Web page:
Tatjana Trouvé, Untitled from the series Intranqillity, 2007
Tatjana Trouvé, Untitled from the Series Intranquillity, 2007
Tatjana Trouvé, Untitled from the series Remanences, 2008
What kind of room is this? In her drawings Tatjana Trouvé exceeds conventional viewing habits and perception of space. What comes along as an architectural drawing on first sight, has to be identified as a non-foreshortening space: vanishing lines move out of place and disturb spacial orders. Classification gets disturbed by inconclusive situations challenging an indoor or outdoor situation.
Excerpt of an interview between Hans Ulrich Obrist and Tatjana Trouvé,
Published in: Tatiana Trouvé, Djinns, Cneai, Chatou, 2005:
Hans Ulrich Obrist: There’s a ‘magnetic’ side, no? It functions a bit like a magnet, you magnetise the space, you recharge the space… You don’t add any buildings, and you don’t have, strictly speaking, an architectural project, yet all the same there is clearly a reflection on architecture. You explore what’s going on in the “interiority” of buildings.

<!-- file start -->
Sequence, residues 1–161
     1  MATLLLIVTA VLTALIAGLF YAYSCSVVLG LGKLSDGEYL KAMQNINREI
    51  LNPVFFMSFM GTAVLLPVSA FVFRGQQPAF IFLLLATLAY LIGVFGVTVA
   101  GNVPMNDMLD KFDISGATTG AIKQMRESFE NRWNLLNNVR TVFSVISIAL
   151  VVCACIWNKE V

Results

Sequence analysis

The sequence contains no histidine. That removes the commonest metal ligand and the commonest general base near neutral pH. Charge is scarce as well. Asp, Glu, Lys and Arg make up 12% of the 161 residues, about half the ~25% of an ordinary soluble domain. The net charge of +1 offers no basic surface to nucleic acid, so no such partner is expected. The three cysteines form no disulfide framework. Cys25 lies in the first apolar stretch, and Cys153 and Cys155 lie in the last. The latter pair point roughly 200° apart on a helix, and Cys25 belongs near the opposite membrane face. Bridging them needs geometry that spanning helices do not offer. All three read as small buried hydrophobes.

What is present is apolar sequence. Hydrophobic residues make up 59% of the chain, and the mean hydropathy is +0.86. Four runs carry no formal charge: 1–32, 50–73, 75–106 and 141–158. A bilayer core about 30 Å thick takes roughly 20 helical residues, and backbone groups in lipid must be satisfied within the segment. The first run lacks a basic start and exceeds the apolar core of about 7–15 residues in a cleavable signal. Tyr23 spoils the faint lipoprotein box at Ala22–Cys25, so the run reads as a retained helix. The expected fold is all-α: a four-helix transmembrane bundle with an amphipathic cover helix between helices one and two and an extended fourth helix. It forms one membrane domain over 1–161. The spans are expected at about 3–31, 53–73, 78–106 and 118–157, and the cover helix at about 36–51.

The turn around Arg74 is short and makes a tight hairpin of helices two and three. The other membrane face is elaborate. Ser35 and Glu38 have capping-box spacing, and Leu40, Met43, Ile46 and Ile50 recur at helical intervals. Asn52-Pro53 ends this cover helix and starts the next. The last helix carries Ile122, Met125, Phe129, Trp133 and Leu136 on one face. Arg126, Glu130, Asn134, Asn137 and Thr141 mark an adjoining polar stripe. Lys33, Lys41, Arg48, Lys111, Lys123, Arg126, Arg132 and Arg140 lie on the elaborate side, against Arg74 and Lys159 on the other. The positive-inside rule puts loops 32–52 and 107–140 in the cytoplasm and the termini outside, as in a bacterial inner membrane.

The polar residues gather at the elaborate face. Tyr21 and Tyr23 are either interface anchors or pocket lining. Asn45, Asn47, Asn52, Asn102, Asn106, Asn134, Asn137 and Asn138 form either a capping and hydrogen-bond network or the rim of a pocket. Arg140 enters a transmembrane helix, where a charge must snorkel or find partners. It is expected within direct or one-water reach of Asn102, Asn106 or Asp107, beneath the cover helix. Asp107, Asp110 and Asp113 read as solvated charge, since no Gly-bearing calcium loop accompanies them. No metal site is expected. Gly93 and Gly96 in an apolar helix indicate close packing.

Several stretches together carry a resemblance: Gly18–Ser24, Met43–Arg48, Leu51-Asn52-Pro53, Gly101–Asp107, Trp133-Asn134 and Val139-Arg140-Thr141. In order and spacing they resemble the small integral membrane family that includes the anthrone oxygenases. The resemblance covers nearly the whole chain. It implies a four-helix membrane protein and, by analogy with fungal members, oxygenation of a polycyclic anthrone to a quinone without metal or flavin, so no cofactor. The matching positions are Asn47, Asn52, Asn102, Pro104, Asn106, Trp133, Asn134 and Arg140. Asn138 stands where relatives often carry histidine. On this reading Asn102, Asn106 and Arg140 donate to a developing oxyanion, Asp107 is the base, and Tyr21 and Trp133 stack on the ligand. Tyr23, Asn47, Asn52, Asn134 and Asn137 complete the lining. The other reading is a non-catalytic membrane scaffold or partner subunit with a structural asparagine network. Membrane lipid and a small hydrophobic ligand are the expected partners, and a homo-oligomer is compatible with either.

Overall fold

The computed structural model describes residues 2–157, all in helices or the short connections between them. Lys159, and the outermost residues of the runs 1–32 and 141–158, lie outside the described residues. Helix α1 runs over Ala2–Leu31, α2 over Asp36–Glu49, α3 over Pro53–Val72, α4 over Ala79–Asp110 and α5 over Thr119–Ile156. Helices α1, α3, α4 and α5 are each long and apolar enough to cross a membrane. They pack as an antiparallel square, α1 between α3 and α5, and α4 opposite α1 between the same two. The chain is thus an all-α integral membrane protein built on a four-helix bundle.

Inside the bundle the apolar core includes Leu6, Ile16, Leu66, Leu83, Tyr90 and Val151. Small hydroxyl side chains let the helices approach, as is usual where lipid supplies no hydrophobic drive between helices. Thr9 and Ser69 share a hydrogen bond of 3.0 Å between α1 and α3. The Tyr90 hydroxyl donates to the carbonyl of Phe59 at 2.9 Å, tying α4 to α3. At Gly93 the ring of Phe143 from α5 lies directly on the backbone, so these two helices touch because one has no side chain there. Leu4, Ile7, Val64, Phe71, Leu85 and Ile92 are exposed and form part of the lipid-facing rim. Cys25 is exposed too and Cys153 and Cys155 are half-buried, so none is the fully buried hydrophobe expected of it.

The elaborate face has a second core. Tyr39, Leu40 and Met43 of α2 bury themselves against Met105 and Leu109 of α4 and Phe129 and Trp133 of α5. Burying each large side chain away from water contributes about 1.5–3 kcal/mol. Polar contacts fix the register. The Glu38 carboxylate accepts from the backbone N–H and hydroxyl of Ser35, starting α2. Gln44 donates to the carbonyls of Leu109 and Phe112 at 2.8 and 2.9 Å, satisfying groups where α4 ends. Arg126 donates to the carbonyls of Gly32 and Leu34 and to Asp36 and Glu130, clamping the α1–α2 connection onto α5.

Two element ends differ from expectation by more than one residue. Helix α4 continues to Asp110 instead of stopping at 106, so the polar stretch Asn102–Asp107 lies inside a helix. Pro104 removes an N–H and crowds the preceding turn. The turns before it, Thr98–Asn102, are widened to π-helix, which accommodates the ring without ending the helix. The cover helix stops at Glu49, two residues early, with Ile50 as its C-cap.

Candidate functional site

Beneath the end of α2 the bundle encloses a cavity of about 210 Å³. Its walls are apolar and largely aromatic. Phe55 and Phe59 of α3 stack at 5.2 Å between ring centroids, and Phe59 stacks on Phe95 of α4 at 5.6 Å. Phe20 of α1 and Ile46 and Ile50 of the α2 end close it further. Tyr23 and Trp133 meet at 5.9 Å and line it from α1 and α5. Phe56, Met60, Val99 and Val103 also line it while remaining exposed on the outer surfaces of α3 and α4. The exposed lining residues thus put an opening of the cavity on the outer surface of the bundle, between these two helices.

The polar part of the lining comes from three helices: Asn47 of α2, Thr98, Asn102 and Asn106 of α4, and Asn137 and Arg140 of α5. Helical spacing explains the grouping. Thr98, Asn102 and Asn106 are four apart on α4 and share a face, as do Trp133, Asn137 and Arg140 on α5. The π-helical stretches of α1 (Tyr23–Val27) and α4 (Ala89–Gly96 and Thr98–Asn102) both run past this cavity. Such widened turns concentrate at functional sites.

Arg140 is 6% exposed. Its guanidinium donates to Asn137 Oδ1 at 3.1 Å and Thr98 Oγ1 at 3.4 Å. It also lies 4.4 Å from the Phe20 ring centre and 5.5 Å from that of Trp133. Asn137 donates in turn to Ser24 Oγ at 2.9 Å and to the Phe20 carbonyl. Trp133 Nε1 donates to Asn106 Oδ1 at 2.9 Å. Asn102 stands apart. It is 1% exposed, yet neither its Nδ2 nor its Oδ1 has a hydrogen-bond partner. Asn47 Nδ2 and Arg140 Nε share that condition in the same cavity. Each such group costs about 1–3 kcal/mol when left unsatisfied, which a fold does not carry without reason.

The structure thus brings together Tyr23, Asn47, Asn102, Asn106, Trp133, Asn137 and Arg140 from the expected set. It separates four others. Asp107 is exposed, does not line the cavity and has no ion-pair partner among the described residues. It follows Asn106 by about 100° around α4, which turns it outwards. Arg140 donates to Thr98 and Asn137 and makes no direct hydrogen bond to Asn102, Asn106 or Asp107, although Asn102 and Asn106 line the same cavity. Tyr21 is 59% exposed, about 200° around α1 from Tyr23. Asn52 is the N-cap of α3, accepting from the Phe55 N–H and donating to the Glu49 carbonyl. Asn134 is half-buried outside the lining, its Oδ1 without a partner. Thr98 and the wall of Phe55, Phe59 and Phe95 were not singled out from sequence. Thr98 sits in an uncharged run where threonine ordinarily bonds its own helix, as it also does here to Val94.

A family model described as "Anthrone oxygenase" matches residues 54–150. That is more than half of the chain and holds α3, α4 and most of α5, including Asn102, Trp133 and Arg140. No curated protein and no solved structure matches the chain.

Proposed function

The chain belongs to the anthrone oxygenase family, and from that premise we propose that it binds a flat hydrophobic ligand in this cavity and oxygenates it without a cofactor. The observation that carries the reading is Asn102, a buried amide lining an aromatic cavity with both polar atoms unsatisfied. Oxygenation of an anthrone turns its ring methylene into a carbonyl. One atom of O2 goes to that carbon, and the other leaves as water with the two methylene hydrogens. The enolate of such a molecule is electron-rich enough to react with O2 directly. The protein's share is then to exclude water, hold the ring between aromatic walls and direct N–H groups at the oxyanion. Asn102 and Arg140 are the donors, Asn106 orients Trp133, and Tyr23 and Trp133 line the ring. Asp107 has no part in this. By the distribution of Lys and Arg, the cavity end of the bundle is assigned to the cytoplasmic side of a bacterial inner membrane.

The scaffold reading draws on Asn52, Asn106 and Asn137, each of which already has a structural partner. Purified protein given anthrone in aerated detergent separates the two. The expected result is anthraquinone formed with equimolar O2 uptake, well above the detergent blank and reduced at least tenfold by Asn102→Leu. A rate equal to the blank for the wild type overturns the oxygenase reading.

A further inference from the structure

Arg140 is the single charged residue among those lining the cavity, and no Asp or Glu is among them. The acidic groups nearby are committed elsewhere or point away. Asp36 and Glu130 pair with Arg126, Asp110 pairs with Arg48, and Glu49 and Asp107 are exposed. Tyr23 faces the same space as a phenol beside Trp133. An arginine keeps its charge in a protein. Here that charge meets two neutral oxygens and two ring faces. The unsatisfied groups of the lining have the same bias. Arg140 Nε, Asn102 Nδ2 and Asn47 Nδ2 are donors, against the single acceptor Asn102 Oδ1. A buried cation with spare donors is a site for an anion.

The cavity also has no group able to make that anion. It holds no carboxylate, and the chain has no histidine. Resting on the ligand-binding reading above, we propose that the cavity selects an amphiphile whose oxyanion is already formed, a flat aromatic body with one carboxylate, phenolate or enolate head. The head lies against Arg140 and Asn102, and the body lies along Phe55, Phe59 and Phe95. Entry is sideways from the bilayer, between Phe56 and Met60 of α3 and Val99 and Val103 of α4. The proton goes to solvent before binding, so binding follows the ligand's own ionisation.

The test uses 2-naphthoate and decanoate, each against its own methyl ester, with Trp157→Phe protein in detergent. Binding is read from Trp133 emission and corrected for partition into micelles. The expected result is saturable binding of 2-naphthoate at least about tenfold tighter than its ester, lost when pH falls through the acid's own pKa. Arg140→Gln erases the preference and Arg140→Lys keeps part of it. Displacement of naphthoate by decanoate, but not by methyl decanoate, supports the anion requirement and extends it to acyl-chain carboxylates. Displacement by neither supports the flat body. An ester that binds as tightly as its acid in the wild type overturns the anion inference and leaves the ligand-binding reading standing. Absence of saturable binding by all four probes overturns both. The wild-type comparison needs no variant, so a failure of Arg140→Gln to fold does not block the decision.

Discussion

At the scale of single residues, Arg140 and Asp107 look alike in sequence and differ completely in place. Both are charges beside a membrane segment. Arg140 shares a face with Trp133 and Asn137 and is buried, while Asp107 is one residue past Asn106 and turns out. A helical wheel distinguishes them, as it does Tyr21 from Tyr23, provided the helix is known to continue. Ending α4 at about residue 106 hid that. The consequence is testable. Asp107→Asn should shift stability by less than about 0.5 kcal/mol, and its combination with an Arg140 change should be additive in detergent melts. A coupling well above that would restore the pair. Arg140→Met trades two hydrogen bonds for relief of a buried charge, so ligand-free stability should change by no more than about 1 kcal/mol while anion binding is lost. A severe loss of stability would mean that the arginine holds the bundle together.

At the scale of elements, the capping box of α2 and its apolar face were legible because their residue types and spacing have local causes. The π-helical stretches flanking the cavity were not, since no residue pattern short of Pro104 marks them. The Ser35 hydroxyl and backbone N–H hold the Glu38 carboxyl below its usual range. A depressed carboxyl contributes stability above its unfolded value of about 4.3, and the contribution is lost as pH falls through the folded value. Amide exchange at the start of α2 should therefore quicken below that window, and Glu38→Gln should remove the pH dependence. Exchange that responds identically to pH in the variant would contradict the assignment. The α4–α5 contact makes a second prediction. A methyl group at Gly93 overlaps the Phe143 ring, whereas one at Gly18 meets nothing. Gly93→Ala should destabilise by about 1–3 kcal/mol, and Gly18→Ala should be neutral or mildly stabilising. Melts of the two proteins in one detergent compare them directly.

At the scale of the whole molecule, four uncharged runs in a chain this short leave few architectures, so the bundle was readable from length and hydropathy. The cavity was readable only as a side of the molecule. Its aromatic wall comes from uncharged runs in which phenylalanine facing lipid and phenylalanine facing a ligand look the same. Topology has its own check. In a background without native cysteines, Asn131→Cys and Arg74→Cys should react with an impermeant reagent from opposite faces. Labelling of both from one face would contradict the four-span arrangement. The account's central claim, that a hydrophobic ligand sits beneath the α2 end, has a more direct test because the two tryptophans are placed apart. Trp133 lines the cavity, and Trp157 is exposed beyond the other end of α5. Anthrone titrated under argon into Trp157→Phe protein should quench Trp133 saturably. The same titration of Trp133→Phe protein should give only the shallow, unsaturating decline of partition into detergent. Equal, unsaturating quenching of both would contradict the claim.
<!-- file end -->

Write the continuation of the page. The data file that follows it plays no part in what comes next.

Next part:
Tatjana Trouvé: Yes, most of the time, they’re skeletons. I think they have within themselves the thrust of a design, that idea of the project, that formulation of something that is coming into being. I’m interested in what makes gives architecture its life, its central nervous system or soul. I have used canalisation pipes a lot in the most recent polders. The architecture has become a space for electricity, heating and water: it’s what gives it life. Yet these elements are always hidden or camouflaged behind walls. In fact, I’ve created spaces that are x-rays of architecture, which materialise what the eye cannot delimit or define. Mark Z. Danielewski’s story, The House of Leaves, has played an important role for me. You enter and live in a house that proves to be much larger and to contain many more rooms than there appear to be at first glance. Likewise it gives rise to many stories. Everything is understood in terms of space and the space works like a brain that is endlessly modified and altered, in transformation and change…
more texts to be found at Johann König